The original buccaneers were joined later by more French sailors, as well as Dutch and English mariners. These mariners formed large pirate crews that eventually began to extend their activities to attacks on coastal Spanish colonies. As the strength of the buccaneers grew, England sought to use them as a way to strike at Spain, and many buccaneer crews were supported as privateers by letters of marque issued by the English crown. These letters legalized the pirates’ activities in return for the delivery of a share of the profits to the English government.


By the end of the 1600s, the make-up of many of these pirate crews had changed to include captains, sailors, and refugee African slaves who were by-products of economic activity generated by the operations of the so-called triangular trade. The triangular trade was founded by Sir John Hawkins, the British shipbuilder, navigator, commander, and administrator of the early British navy who was knighted for his leadership in the 1588 defeat of the Spanish Armada. When the Spanish wars with other European countries ended, economic conditions arose that supported the continuation of the highly profitable triangular trade, and the slave trade it was based on, for more than 250 years.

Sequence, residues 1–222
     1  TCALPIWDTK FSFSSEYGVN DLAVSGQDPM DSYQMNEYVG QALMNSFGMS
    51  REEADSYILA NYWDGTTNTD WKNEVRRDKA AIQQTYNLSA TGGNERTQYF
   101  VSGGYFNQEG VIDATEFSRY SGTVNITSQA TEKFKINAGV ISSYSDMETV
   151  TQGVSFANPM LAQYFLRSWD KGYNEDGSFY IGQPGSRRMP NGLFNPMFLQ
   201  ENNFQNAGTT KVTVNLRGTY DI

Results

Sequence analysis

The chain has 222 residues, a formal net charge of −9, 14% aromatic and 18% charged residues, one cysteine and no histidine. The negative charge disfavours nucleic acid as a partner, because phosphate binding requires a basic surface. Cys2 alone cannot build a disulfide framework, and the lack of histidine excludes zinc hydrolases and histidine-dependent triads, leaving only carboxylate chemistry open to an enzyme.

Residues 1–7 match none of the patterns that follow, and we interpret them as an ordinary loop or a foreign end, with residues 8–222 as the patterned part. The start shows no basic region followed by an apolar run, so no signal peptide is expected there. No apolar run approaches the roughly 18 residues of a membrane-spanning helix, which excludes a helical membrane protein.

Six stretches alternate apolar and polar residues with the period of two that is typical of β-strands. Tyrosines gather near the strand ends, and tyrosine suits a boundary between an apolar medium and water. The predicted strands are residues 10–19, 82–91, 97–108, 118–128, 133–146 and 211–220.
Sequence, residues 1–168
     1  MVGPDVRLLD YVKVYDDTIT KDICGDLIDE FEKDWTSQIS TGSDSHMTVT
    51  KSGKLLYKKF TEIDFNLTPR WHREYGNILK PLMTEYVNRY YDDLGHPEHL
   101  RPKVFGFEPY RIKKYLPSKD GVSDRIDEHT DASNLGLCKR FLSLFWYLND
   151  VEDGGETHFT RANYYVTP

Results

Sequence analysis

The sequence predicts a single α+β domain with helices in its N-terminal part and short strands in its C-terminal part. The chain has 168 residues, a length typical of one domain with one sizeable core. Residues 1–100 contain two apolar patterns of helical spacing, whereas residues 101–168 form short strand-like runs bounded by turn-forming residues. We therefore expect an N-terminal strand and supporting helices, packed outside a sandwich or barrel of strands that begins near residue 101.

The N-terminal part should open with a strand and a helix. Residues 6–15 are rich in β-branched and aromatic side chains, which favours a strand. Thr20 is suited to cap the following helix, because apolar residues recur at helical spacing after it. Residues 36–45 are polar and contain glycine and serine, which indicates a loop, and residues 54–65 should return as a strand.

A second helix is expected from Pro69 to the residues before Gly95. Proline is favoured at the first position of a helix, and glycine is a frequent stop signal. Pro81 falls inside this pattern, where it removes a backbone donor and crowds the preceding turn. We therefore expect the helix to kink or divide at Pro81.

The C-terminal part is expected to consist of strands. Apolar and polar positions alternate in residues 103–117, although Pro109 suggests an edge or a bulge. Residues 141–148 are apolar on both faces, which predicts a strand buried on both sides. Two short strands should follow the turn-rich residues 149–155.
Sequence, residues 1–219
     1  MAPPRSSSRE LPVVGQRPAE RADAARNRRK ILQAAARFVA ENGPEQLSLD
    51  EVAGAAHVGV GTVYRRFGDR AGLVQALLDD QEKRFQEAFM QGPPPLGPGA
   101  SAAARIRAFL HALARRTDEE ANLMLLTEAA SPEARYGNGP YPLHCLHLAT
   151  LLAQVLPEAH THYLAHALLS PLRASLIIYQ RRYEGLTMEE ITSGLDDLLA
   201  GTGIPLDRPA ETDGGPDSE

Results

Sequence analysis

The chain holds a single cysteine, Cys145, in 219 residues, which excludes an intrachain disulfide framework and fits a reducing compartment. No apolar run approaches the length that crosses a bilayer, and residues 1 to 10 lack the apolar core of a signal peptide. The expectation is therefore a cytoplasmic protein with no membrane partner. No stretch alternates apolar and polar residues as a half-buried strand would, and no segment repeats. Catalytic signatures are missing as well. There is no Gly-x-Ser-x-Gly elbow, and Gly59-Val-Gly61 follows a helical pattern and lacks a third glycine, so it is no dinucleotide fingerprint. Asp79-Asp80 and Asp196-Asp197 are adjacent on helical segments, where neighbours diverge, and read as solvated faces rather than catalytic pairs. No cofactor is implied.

A primary purpose of the triangular trade was to fill the need for colonial manpower by bringing slaves from Africa to the New World. The first leg of the triangle was comprised of ships that would leave England loaded with cargoes such as beads, glass, pewter ware, and pig iron – all goods that could be traded for slaves provided by the African kings and warlords who controlled the lands along the West African coast. The labor of the kidnapped Africans drove the English plantation system that produced the alcohol, cotton, fish, lumber, and tobacco that were exported to Europe and traded for the manufactured goods that were needed in the colonies.